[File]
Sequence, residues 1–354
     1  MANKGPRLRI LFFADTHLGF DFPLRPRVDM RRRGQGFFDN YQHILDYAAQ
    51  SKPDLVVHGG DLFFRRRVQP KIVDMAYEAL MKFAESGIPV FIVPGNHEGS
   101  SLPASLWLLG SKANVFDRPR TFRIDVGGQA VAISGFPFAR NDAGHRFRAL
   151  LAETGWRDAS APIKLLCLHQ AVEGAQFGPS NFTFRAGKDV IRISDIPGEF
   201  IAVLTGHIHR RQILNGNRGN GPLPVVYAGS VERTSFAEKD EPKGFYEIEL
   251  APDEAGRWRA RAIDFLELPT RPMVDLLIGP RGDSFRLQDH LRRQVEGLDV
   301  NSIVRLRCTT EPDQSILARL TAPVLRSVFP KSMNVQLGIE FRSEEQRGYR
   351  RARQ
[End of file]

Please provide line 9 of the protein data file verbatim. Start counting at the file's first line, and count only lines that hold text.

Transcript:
   351  RARQ